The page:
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  • "To Take Something and Change It without Destroying It"An Interview with David Gaviria Piedrahíta
  • Juan Fernando Velásquez Ospina

Some months ago, amid ongoing sociopolitical protests in Colombia, David Gaviria Piedrahíta deconstructed the country's national anthem. Gaviria Piedrahíta, a young composer who teaches at the Instituto Técnico Metropolitano in Medellín, is an emerging figure within the local art music scene. Gaviria Piedrahíta holds a master's degree in Latin American and Caribbean musics from the Universidad de Antioquia; in 2020 he won the grant #Unidos por la vida 2020 from the government of Antioquia, and is a tireless cultural activist. Gaviria Piedrahíta's Himno deconstruído (deconstructed anthem) premiered on May 5, 2021, during a public outdoor concert in Medellín by a group of young musicians organized as La Revolucionaria Symphony Orchestra, conducted by Susana Gómez. After the premiere, several videos of this first performance and a later sound recording disseminated quickly through social media across the country and among Colombian expatriates living abroad.1 Thus this Deconstructed Anthem became a viral and significant milestone within the intermittent wave of protests that have shocked several Colombian cities for more than two years.

An unprecedented social upheaval began on November 21, 2019, when the two largest labor unions in Colombia called for a nationwide strike to oppose unpopular national social security and tax reforms. The strike grew when students, cultural associations, indigenous groups, Afro-Colombians, LGBTQ+ communities, feminist collectives, and environmental activists joined the unions. Together, these actors used social media to mobilize citizens. The response to this call was massive, as more than two hundred thousand Colombians attended nonviolent marches in Bogotá, Barranquilla, Bucaramanga, Cartagena Manizales, Medellín, Cali, Popayán, and Pasto, among other cities.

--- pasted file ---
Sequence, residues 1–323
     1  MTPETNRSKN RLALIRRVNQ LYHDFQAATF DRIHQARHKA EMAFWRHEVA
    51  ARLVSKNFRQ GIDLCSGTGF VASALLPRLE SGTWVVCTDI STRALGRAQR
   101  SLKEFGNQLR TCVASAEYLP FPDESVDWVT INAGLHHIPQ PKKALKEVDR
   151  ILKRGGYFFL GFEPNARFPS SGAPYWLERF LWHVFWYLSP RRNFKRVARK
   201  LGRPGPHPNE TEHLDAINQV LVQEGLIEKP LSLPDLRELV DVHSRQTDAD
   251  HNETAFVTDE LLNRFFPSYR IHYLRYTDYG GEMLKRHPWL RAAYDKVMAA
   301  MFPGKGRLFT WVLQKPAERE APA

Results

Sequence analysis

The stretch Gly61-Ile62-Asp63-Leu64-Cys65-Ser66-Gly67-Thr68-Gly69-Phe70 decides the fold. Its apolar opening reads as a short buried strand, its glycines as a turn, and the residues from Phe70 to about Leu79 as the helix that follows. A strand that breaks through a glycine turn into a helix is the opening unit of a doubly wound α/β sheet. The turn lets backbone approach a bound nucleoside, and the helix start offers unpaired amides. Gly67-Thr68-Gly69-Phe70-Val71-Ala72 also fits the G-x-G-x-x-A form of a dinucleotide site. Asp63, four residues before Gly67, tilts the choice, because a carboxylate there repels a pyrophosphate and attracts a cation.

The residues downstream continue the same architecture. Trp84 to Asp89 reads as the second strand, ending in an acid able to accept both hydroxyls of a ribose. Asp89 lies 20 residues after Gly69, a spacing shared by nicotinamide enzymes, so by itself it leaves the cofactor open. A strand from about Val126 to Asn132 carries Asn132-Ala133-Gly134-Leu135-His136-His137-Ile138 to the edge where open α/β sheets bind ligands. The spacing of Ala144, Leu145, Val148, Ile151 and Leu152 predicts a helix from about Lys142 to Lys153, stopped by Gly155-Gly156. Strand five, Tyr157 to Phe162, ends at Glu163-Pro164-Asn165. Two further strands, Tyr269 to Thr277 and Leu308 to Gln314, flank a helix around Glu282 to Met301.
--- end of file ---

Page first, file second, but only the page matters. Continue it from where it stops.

Clashes between violent protesters and official forces—especially the National Police's Anti-riot Squad (ESMAD)—led to violent repression and curfews in several cities. The citizen's response to these curfews has shaped [End Page 94] the still-prevalent protests. After invitations spread on social media, at 8:00 p.m. on November 21, people banged pans from their homes, standing on their balconies and doors so that the sound would be heard. In the following days, musicians performed several concerts in parks, known as cacerolazos sinfónicos (symphonic pan-bangs), and artistic troupes joined marches to express their grievances creatively. Thus, sound and music in public spaces became means to resist violence and to gain the authorities' attention. This diversity of actors came together to denounce the disenfranchisement of the urban middle and lower classes, the ongoing assassination of social and environmental leaders, the tortuous implementation of peace agreements signed with the FARC's guerrillas in 2016, and political roguery. In the midst of all this tension, social media has remained the main conduit to deploy a repertoire of activist strategies, ranging from symbolic actions (like the toppling of Spanish conquistadores) and massive cacerolazos sinfónicos to block the streets.

As illustrated by David's composition, young Colombian artists are reacting to this grim panorama while thriving to create a collective but peaceful alternative to challenge the status quo and to overcome fear. I invited him to an interview for Americas: A Hemispheric Music Journal to learn more about these events, the composition of his piece, and its viral social embrace. More importantly, we discussed how people in Colombia feel given their current political situation.

Juan Fernando Velásquez:

Hello, David. Let's talk about the strikes first. At this point—June 29, 2021—these protests have been going on in the streets in different cities for at least two months. Everything started in response to a tax reform, but it quickly changed into a bigger movement bringing together different actors—indigenous groups, students, unions. It is significant that these peaceful expressions of protest have incorporated music. Regarding your anthem, how did it come about?

David Gaviria Piedrahíta:

Hello, Juan, and readers of Americas. Students and friends of mine called me because they were going to engage in a peaceful demonstration with music, and they asked me to do something with the Colombian national anthem. But they said: "Now! You...

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